Within the Central Western European study, key objectives were to determine the role of policy in creating the hydrogen backbone for large-scale transmission of energy and to examine the competition between green hydrogen production fueled by renewable energy sources and blue hydrogen production fueled by natural gas.

PLEXOS was selected to perform these two studies due to its advanced and flexible modeling capabilities.

The Central-Western European study was set up to model both the power and hydrogen systems. In the power system, all potential low carbon technologies were modeled – renewables and gas/ biomass CCS. In the hydrogen system, green, blue, and grey hydrogen production technologies were included. Options for system flexibility were modeled for both systems with batteries added into the power system and storage modeled into the hydrogen system – both retrofitted and new storage developments were considered. Transmission for both the power system interconnector and the hydrogen system were included.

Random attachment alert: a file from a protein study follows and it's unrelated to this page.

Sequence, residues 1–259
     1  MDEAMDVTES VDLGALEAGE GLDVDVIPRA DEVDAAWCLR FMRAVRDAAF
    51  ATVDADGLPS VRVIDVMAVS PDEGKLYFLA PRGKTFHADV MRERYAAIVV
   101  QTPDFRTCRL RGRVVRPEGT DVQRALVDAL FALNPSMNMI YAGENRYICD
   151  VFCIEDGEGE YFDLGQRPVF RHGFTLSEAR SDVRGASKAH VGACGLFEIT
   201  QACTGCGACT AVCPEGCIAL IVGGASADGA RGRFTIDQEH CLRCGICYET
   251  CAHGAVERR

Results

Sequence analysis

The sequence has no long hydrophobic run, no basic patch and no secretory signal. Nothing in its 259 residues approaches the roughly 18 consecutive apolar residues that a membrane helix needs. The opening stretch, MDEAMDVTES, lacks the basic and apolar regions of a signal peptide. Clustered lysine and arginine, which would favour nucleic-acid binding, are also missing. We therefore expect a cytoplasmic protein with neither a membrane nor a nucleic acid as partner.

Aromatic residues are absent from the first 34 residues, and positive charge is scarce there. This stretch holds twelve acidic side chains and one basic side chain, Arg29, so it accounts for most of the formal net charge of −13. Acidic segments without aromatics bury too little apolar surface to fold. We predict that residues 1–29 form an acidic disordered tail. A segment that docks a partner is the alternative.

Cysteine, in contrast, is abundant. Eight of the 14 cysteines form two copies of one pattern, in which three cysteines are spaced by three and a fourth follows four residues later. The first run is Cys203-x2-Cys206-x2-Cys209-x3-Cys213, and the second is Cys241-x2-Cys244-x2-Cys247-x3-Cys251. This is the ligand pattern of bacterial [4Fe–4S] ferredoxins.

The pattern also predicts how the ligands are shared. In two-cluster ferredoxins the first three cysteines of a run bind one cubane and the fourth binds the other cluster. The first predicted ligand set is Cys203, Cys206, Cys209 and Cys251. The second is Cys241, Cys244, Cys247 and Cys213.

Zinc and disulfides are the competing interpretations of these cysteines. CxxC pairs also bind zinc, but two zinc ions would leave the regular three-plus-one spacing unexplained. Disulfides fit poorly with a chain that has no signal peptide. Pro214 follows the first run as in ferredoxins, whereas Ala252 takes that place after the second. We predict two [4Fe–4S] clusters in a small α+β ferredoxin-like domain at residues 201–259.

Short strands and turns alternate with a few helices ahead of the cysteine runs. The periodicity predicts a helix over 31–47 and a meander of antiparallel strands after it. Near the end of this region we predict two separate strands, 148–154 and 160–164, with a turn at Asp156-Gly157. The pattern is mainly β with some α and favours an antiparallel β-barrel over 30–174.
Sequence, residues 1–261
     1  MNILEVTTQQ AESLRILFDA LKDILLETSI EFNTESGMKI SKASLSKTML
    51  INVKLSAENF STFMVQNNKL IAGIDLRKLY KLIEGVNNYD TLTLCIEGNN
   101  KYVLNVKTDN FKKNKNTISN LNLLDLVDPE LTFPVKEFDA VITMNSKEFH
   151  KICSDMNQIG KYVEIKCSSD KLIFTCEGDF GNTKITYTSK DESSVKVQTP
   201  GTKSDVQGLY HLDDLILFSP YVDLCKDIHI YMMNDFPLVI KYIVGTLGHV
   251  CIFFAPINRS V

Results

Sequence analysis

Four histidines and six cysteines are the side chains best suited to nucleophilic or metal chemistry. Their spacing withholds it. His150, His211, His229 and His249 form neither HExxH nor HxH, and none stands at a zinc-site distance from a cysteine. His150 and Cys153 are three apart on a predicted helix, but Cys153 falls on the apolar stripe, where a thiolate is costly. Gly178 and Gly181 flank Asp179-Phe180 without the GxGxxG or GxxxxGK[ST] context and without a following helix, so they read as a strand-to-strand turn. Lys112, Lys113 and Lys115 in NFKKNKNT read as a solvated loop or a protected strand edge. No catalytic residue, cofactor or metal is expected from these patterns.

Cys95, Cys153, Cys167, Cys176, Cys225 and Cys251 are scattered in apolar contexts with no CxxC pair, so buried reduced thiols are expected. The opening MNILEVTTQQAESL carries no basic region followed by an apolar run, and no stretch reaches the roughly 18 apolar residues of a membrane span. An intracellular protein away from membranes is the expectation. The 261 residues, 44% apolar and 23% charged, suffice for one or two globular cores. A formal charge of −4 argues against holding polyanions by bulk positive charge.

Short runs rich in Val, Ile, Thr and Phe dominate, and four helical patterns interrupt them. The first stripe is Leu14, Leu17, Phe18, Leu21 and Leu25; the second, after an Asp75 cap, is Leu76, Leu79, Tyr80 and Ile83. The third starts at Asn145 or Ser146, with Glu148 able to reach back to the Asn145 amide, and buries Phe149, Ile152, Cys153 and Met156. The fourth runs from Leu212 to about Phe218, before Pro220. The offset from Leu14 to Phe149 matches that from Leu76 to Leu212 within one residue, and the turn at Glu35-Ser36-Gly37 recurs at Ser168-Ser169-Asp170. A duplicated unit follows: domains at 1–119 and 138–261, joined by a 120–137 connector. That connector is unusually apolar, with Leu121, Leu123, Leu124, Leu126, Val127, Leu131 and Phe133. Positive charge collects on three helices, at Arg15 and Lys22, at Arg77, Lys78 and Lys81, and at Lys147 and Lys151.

Due to the depth of analysis needed to answer all the questions the team had; the study was modeled in two phases. Long-term capacity expansion was modeled first to determine the best infrastructure mix – what to build, how much to build, and at what point according to the last cost system requirement in PLEXOS LT. Then, the study drilled down into the simulation of the dispatch operation of the systems, examining at what points electrolyzers, turbines, storage assets, and pipelines are active.

For adequate and accurate study outputs, several key constraints were also included in the modeling. These included annual emission intensity targets, system security constraints, and demand side flexibility.

The core system configuration Baringa set up couples PLEXOS power and gas modules for cost-optimal operation. Using PLEXOS’ P2X module to connect the power system to the gas/ hydrogen system and fuel to link hydrogen nodes to the power systems, as well as different objects in PLEXOS allowed for the creation of a robust core system configuration.

PLEXOS is capable of representing a well-optimized operation with both power and hydrogen systems. For example, the green hydrogen production is favored during high renewable generation hours, and the excessive production would be injected into storage. The stored hydrogen would later be withdrawn to balance out demand when there’s limited renewables and blue hydrogen production is not enough.